In the forest of the cuckoos

You have to get up early to meet a star of the cuckoo world  – a bird that is sometimes heard but rarely seen.

The ban on international travel has been a major feature of the pandemic period but in the kingdom of the birds there has been no such limitation on clocking up the air miles.

The compulsion to take off on epic journeys across seas, mountains and deserts in search of food and territory is one of the wonders of the natural world. Migration is not a behaviour reserved solely for birds – many animals including butterflies and turtles undertake their own incredible odysseys – but in Suffolk it is the birds returning from Africa and southern Europe, such as swallows and martins, swifts, warblers and cuckoos that are most apparent each spring.


Our understanding of migration has been helped by modern tracking devices that send back detailed data on birds’ journeys. One such ground-breaking survey, which has been run for the past decade by the British Trust for Ornithology (BTO) from its Suffolk headquarters in Thetford, has done much to shine a light on the migration of our cuckoos from their home in the Congo basin in central Africa to the UK and back each year, and how the different routes taken are linked to declines in the birds’ numbers.  

The project has captured the public’s imagination and people come forward to sponsor and name the cuckoos, including one enduring bird named PJ, who has become a star of the cuckoo world – having been tracked flying more than 50,000 miles over a five-year period.  I was invited along to welcome PJ back and in the weeks prior to his arrival in East Anglia in late April, I scanned the BTO website for updates on his progress.

On his travels, PJ paused for a few weeks in Sierra Leone in western Africa, as he stocked up on caterpillars and piled on the grams in preparation for the greatest obstacle on the journey – the Sahara Desert. I learnt that cuckoos cross this great infertile expanse of sand and rock in one go – a 50-hour, non-stop flight, several kilometres in the air.

PJ Image: Phil Atkinson

Early bird

I meet Paul Stancliffe from the BTO at a secret location in Thetford Forest at 5.30am. Early birds, it seems, catch We made our way to a space where pine trees had been cleared – a location that PJ has favoured on previous occasions.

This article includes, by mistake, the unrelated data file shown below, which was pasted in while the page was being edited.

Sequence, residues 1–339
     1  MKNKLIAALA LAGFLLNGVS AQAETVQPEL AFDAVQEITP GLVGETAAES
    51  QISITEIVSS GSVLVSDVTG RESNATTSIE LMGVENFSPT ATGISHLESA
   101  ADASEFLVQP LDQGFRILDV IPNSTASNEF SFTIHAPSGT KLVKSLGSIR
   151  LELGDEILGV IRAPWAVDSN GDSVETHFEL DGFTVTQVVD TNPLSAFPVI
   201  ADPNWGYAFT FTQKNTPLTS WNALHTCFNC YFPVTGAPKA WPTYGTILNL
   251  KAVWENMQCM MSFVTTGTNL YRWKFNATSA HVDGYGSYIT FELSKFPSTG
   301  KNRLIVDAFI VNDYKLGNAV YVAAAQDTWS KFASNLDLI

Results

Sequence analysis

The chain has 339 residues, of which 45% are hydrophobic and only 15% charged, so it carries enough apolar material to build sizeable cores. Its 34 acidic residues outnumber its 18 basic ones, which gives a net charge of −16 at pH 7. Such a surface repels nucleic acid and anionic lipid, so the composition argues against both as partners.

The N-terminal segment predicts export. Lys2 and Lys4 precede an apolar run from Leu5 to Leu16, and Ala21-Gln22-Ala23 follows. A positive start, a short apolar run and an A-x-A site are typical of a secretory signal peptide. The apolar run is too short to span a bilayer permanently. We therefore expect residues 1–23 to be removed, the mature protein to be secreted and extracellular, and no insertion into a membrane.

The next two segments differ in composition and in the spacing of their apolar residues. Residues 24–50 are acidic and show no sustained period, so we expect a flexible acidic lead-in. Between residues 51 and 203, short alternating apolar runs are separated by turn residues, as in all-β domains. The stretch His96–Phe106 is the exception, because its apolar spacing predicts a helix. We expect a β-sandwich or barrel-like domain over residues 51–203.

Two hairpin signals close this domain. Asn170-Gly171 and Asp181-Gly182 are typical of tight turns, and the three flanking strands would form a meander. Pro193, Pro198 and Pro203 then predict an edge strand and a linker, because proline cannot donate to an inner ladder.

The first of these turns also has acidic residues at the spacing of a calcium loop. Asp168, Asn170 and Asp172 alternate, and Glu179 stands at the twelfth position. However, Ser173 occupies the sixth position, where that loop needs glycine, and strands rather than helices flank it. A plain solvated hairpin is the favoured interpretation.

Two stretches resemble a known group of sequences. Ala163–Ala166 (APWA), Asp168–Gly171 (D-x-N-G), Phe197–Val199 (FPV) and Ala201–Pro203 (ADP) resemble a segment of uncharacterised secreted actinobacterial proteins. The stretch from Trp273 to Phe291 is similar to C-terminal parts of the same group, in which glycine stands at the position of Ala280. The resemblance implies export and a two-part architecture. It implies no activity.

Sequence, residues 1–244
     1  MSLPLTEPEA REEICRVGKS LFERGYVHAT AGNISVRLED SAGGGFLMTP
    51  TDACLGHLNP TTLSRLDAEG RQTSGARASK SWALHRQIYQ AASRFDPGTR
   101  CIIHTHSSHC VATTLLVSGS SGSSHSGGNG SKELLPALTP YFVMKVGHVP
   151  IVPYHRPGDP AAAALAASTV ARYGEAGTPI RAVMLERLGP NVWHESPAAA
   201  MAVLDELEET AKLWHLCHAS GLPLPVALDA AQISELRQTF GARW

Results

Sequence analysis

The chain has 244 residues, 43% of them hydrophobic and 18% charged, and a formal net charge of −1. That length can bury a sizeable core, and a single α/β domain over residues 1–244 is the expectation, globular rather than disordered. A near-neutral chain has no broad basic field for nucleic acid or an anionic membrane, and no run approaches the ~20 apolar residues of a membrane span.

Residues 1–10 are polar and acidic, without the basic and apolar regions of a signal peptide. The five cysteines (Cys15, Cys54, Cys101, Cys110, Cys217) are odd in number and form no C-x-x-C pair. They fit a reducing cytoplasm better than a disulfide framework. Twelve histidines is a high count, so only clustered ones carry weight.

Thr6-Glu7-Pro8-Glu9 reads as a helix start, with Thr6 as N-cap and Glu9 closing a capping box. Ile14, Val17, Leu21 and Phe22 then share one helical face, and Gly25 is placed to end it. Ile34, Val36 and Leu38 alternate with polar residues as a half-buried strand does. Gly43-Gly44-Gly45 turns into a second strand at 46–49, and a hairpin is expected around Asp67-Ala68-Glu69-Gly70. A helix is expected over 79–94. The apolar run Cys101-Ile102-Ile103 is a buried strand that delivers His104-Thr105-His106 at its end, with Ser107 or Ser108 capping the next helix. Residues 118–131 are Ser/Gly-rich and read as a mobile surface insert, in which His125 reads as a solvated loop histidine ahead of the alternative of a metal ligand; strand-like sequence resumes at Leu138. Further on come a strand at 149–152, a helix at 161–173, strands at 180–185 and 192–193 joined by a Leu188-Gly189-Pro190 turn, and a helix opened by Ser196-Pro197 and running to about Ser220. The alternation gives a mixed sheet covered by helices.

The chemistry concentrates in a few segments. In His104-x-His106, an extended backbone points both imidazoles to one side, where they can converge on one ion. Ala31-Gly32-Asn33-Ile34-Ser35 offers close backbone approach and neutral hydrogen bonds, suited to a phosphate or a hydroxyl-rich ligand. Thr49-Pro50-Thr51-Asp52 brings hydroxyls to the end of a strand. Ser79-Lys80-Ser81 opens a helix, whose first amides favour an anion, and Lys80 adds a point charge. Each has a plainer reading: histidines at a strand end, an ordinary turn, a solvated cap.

What a joy to be in a wild place at such an hour. As the sun rose across the Breckland landscape of twisted pines all sorts of beautiful creatures made an appearance. A pair of woodlarks collected nesting material near some scrub; a majestic male yellowhammer perched on a fence post like a small beacon. Two roe deer skipped down a woodland ride; a hare cantered across grassland.

But with no sign of PJ, Paul unpacked his secret weapon: a megaphone loaded with a recording of the call of a female cuckoo. Turned up loud, it did not take too long for the bubbling song to work its magic.  At first, we heard the famous cuck-oo call of a male behind us and by the time we looked back two cuckoos had arrived from our right. Within no time, incredibly, there were four male cuckoos lined up on the fence – including, at the far end, PJ. 

I had never seen a cuckoo before and here I was faced with a quartet. I took the experience in through Paul’s telescope. The birds were grey-coloured like a wood pigeon but slighter in size, like a collared dove. The dark bars across the white chest are prominent, as is the yellow ring around the eye.  

It was a truly memorable experience, but I could not help feeling sorry for the foursome, who had travelled all the way from the Equator in search of a mate, only to be met by a loudhailer and two middle-aged blokes with binoculars.

Paul puts the cuckoo call loud speaker in place


Of course, the cuckoo’s migratory habits are only part of its remarkable behaviour. What most people know about the cuckoo is that it lays its eggs in the nest of other species, leaving them to raise their young – a behaviour that has not done much for its public profile down the years.